Deaf Havana / Black Foxxes / Decade
Leeds Beckett University – 15/11/17
When I saw this tour announced I couldn’t help but think that whoever organised this really had their ear to the ground. Bringing together the new-wave grunge of Black Foxxes, the thoughtful lyricism of Decade and the veteran catalogue from Deaf Havana was a stroke of genius.
Decade step onto the stage to a modest crowd, kindly introduce themselves and then begin to work through songs from the new album ‘Pleasentries’. It’s hard not to appreciate a band like Decade that have such well-crafted song structure. They tend to not over-complicate things on stage and let the music do the talking. That’s definitely the case here – from an album that you can most-definitely play through without skipping a single song, the live show holds up just as well. There’s a satisfying balance between the reserved but emotional delivery from Alex Seers backed up by Connor Fathers and his relentless energy. A performance that left me wanted more, but only because it was so enjoyable. If you don’t want a tambourine after watching Decade, you need to have a good look in the mirror. Who knew it could look that badass? (8.5)
Black Foxxes come on as the room is beginning to fill even more, the 3 piece from Exeter full of raw, authentic attitude ready to take Leeds on a unique journey through their catalogue of raucous tunes. When Black Foxxes play it feels right to shut up and stand in awe as they bring a fresh twist to an ever diluted rock scene. Songs like Slow Jams Forever scream attitude and really show the vocal abilities of lead man, Mark Holley. His ability to shout/scream and fall into a tame sung line bring a wonderful juxtaposition of love and hate that resonates throughout the set. (8)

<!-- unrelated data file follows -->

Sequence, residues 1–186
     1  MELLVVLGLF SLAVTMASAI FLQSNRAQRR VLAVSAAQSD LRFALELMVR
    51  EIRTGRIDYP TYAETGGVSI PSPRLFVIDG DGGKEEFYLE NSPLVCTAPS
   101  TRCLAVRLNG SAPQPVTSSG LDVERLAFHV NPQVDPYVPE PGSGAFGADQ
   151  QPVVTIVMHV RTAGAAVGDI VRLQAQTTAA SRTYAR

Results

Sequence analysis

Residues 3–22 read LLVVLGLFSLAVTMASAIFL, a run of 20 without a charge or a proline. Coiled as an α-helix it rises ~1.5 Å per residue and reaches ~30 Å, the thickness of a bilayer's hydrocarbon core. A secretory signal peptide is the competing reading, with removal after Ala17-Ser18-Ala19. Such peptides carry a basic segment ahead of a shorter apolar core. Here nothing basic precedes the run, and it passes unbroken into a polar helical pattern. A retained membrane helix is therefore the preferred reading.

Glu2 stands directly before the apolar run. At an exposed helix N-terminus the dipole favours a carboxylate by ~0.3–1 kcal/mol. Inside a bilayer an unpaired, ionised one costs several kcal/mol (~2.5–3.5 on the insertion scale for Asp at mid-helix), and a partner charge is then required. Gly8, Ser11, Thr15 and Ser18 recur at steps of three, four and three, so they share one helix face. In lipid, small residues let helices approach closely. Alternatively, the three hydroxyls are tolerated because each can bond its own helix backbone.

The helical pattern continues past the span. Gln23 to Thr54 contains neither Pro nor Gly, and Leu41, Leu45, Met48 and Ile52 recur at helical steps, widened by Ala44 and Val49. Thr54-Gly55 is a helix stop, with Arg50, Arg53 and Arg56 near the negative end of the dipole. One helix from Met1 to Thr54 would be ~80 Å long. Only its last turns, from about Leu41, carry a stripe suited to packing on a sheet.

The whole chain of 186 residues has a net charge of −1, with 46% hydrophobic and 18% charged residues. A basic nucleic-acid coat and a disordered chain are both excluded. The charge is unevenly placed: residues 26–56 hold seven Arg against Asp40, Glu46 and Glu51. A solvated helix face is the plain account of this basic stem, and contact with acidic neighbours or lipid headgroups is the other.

Can we just start calling Deaf Havana legends at this point? 12 years in the business, 4 albums (2 top 10), 5 EPs and countless headline tours leave them as legit veterans of this game. That is clear when you see them live. A band so comfortable on stage that it looks effortless. They’ve begun to do things just to keep themselves entertained like using 4 different Stranger Things quotes to intro songs (they came on to the theme from the show at Leeds Festival in 2016). An extended set list that covers songs from DH’s catalogue of hits. It was a pleasure to see them pull out songs like Hunstanton Pier, to the delight of the Leeds contingent. The last couple of times I’ve seen Deaf Havana play it’s been underwhelming due to illness, loss of voice or general lack of energy. That really wasn’t the case this time around. They looked like they were genuinely enjoying what they were doing and that reflected in the crowd. It did feel like a few big songs were missing in favour of the band playing their favourites (nothing wrong with that). It would have been great to hear Everybody’s Dancing or 22 but I digress. Something Deaf Havana benefit from is the back and forth between front man James and brother, Matt. You can’t beat the connection that brothers have and it makes for a genuine source of entertainment between songs. All in all a confident set from Deaf Havana but nothing exceptional that blew my mind. (7.5)
Check out more live photos of Deaf Havana in Leeds here!
Review: Will Paddison
Photos: © Danny Peart Photography